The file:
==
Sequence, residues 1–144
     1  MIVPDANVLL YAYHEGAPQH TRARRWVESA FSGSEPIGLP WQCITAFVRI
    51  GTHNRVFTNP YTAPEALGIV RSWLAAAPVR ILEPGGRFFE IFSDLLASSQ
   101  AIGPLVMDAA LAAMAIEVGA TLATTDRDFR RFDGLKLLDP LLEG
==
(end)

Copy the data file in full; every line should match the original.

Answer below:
Sequence, residues 1–144
     1  MIVPDANVLL YAYHEGAPQH TRARRWVESA FSGSEPIGLP WQCITAFVRI
    51  GTHNRVFTNP YTAPEALGIV RSWLAAAPVR ILEPGGRFFE IFSDLLASSQ
   101  AIGPLVMDAA LAAMAIEVGA TLATTDRDFR RFDGLKLLDP LLEG